This was a sad turn of events lead by a person who ignored the active ongoing and productive community efforts and stood before the BOS and stated that she knew what was best. (Yes she actually said that). It’s also disappointing to know that both Debbie Arnold and hopeful 4th district candidate Lynn Compton too were at the most recent meeting in support of this effort. A leader should not be undermining the greater community efforts to support a small group of individuals.

Of course Ms Stienbeck as a vineyard owner thinks she knows better. That is no surprise.

This is truly a misleading editorial. To suggest it is on the county if this goes to full blown adjudication lasting years and millions of dollars and that the author is not the cause is absurd. That’s like saying, it’s America’s fault when a terrorist causes harm because if we would have just given in then they would not have had to harm anyone. It’s basically terrorist litigation.

For the record there was and is an active community process incorporating a broad cross section of stake holders working to find a local solution to basin management. Ms Stienbeck and her supporters like Debbie Arnold and Lynn Compton have decided they know what’s best and that is going to cost us all.


Maybe complex issues should be ignored and we just blindly follow the BoS decisions.

Why would anyone counter Gibson, Hill, Ray and Mecham? These 4 know it all? Frank said Tuesday something like, all this private property talk, you don’t really own your land. WHATTTT? So we really do not own our land? So Frank game over and you are done with us? Property rights are already gone is that your message? Paso Robles city limits can suck as much water as they like inside the city limits. If we are all going to suffer then why is the city left out?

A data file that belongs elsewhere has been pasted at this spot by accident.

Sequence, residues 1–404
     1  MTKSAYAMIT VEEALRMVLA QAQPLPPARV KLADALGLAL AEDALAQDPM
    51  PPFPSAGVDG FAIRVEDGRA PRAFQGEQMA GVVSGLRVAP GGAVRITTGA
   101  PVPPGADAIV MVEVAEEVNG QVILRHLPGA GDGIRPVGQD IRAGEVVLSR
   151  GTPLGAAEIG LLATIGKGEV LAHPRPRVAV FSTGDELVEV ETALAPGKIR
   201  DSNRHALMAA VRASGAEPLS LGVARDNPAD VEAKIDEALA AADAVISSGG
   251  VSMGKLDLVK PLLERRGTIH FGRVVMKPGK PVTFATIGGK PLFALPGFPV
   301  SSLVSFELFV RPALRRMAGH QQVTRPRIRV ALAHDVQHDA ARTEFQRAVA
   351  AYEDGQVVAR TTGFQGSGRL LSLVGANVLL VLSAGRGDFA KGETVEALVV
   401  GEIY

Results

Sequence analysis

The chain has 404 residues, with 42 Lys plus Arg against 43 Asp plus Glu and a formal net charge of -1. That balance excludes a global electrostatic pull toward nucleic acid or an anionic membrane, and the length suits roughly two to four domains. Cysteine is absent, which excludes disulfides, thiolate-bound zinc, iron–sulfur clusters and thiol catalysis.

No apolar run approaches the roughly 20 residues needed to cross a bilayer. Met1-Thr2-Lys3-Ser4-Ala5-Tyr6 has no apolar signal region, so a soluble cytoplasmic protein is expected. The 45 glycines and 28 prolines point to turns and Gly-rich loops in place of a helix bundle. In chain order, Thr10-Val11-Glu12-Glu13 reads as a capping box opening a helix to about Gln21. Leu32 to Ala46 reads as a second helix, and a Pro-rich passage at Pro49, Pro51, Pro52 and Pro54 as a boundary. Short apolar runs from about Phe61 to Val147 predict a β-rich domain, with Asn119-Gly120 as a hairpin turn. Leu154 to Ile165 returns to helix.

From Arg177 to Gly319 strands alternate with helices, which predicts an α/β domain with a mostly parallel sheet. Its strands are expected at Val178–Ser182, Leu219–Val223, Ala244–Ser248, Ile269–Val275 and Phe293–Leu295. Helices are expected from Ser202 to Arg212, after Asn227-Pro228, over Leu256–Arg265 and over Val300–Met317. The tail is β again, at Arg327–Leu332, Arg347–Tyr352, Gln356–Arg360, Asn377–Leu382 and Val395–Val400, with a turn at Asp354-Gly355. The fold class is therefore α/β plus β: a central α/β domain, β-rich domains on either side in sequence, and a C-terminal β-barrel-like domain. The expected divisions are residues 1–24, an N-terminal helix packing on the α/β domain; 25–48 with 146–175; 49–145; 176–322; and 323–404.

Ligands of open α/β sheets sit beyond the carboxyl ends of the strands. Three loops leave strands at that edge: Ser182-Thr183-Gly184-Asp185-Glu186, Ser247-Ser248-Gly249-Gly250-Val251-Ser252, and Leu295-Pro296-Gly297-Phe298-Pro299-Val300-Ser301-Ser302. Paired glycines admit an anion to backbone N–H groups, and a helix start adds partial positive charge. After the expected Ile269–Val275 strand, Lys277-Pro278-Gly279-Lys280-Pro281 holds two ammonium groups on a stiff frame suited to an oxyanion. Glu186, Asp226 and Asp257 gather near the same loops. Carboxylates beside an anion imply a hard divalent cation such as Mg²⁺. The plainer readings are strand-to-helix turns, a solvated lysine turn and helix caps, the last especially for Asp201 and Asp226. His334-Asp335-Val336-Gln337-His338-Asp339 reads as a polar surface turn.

One good reason, and that is like the “paper water” one more topic the public is too unwilling to look at. The other issue is that today’s “smart” growth loves the water issue to further the idea that you should not live out but inside the city limits in dense housing. Why? Control over you and your life.

When water and land use are in the hands of 5 people and 4 are happy to put the “boot of government” on your throat then it is time to replace as many of this BoS as can be done in as short a time as possible.

Bruce Gibson is running for 2nd district so check out Muril Clift ( to replace him and as you know Caren Ray voted this in so check out Lynn Compton ( to replace her in the 4th district in June. It is time to see that if you cannot vote for their replacements you can support their efforts with $$$$$$.


Hmmm…the Grapes of Wrath perhaps?